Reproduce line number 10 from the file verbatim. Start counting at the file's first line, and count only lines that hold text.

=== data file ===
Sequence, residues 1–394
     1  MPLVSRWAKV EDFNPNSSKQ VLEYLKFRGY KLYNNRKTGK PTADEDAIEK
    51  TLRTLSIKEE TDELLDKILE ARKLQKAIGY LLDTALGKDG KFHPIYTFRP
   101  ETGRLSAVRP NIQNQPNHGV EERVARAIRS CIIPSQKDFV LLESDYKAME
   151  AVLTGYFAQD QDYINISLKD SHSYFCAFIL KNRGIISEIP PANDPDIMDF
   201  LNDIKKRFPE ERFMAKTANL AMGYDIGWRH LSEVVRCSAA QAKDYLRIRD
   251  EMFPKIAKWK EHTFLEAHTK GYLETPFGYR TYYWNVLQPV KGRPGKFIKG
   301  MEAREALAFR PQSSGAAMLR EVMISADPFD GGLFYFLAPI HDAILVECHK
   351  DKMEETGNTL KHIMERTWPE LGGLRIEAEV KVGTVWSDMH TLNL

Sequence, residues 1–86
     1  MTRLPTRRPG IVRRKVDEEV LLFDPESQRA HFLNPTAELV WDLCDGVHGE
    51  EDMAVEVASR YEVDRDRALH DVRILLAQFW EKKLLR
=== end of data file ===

Sequence, residues 1–86